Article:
Practices nationwide are seeing a decrease in volume due to the COVID-19 pandemic. I hear stories from physicians’ and dentist’s family members that they are surviving off their billings from the last 90 -120 days. Even big corporations are reducing hours or furloughing workers due to the low patient volumes and lack of revenue. These are difficult economic decisions that can be overwhelming for small to medium medical and dental practices. I previously attached to our LinkedIn page a list of tips from the AMA on how to keep your practice in business during the COVID-19 pandemic. These were excellent tips that you should keep accessible and consider for your practice. In addition, with the passing of the $2.2 trillion stimulus package (“Coronavirus Aid, Relief, and Economic Security Act” or the “CARES Act”) you may be able to maintain your employees on the payroll. The Paycheck Protection Program provides approximately $350 billion in small business loans and if by some chance you have already laid off some workers you may be able to recoup the full amount of the payroll costs for those workers if you rehire them by June 30th.
Regardless, your practice and staff will have to cope with low volumes. What are some practical things you could have your staff do safely under the CDC’s guidelines while your volume is low? Obviously, telehealth could improve some of your volumes, and if you have not yet started, time spent setting up this modality seems prudent. There are many other things you always thought you needed to do but there was never enough time in the day to complete them. Here are some ideas….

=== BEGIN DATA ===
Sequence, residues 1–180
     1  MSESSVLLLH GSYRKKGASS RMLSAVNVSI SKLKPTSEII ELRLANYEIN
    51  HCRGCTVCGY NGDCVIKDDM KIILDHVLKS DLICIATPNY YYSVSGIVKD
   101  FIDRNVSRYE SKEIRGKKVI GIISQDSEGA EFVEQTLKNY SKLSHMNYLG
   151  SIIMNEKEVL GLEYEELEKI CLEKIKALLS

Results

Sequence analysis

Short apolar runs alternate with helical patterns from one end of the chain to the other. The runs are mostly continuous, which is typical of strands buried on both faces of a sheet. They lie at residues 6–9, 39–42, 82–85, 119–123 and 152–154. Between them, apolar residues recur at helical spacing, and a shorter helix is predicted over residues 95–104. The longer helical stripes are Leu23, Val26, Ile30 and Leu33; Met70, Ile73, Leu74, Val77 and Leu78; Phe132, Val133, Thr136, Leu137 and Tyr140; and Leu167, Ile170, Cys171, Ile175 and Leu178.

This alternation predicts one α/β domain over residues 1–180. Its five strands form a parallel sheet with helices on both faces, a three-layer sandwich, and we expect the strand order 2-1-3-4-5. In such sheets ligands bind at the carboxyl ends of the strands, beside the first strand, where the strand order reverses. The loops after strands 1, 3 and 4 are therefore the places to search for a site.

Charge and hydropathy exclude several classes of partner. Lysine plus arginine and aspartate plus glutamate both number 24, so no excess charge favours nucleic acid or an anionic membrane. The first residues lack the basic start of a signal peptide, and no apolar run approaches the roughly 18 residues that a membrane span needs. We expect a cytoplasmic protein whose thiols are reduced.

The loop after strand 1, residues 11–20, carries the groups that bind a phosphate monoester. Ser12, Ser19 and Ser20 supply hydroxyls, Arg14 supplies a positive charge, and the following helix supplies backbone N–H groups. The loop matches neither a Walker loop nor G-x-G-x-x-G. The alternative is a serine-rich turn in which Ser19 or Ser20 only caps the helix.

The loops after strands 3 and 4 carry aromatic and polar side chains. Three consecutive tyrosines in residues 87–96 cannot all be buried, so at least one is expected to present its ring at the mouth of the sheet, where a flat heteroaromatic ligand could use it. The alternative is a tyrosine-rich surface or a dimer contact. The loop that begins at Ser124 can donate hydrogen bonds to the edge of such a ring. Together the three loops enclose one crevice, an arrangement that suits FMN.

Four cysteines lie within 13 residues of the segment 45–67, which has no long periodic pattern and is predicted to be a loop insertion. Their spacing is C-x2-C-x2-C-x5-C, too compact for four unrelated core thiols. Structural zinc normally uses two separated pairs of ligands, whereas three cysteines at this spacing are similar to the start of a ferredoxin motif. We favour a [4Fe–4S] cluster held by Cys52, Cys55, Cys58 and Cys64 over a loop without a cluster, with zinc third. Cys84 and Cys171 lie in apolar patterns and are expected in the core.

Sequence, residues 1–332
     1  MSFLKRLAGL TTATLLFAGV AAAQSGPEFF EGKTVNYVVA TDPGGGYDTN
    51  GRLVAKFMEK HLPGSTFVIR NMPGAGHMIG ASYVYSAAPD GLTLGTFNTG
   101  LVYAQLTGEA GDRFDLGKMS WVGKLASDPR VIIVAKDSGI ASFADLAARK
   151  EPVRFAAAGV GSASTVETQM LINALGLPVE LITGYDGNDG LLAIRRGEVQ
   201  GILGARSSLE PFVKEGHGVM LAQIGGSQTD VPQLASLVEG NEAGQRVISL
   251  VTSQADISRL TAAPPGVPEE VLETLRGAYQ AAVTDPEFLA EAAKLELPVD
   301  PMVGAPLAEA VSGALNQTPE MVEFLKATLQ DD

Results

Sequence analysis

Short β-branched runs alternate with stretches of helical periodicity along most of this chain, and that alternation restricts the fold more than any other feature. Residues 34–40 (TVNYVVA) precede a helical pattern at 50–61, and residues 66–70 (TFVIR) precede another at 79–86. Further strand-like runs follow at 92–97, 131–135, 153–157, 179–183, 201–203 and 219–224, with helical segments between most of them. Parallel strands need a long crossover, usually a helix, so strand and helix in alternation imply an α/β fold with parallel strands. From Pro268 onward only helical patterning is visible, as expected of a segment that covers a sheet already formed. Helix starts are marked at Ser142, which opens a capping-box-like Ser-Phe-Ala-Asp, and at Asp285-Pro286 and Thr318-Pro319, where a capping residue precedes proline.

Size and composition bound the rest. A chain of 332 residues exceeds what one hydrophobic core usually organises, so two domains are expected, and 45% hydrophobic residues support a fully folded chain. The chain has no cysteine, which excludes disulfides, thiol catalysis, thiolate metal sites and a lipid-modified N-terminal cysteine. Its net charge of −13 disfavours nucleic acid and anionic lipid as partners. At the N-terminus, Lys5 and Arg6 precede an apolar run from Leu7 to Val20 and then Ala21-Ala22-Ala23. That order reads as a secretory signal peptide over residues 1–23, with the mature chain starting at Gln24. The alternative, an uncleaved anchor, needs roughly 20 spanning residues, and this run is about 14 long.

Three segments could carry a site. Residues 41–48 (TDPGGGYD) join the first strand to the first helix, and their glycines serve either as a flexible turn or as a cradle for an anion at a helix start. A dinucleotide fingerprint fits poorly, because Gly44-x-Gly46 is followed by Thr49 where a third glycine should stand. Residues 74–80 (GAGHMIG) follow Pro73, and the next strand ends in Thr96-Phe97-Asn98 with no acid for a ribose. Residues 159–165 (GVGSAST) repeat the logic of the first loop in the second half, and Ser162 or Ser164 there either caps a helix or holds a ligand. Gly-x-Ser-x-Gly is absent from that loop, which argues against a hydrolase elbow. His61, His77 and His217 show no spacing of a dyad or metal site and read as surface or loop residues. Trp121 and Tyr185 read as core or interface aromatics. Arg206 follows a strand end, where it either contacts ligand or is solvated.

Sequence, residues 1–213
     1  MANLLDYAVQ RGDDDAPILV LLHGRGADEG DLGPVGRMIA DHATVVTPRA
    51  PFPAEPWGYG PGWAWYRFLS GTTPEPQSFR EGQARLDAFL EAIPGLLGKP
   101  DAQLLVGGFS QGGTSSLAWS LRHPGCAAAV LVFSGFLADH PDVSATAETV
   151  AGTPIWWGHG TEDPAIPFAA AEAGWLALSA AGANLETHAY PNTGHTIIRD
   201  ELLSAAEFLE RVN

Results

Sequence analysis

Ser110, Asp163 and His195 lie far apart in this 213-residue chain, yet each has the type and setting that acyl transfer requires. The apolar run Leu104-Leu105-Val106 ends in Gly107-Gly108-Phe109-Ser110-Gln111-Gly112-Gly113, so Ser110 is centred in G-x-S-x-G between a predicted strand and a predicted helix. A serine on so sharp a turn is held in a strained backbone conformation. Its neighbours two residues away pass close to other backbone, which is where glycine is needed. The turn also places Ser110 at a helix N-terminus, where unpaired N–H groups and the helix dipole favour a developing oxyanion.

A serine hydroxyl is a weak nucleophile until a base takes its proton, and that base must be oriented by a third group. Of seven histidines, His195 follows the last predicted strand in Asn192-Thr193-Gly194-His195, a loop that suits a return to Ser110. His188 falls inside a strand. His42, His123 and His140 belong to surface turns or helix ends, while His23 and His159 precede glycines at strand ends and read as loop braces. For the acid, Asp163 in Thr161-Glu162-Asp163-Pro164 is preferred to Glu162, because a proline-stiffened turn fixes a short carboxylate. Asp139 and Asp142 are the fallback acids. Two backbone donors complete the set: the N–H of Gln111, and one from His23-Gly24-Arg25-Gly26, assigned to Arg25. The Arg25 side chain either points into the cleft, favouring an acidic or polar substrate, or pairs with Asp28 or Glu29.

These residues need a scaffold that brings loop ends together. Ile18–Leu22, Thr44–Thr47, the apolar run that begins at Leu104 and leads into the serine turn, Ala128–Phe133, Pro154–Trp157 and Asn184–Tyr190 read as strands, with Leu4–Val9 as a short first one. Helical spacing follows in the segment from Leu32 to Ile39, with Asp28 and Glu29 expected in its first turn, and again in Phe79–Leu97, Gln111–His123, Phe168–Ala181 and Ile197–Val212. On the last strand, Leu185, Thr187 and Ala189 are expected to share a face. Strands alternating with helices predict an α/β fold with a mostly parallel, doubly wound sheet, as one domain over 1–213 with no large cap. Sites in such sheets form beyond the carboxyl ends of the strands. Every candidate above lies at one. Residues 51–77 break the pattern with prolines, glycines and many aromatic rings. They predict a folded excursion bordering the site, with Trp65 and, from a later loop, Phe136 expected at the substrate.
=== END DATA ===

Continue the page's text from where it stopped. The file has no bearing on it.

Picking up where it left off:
- Implement or optimize your electronic medical record system. You could introduce a new system, perfect your current process while your volume is low, or scan in “older” records for archival purposes. Prior to this downtime, were you thinking about changing your EMR vendor or freeing space but didn’t do it because of the challenge of changing while you had a full practice? Most would agree that you can always improve and optimize the EMR process.
- Review all or your standard forms (consent forms, operating policies, notices) and make sure they are current and appropriate.
- Update all patient follow-up educational materials
- Develop or revise your website.
- Redesign your clinic flow process to maximize efficiency.
- Renovate your office, paint, update the décor. Consider whether telehealth will result in your having excess clinic space and what options are realistic for re-design, scaling back or sub-leasing.
These are just a few ideas that may allow you and any available, healthy team members to work during these difficult times. I am sure you have many other ideas; would you be willing to share them with your fellow practitioners? Let’s start the conversation.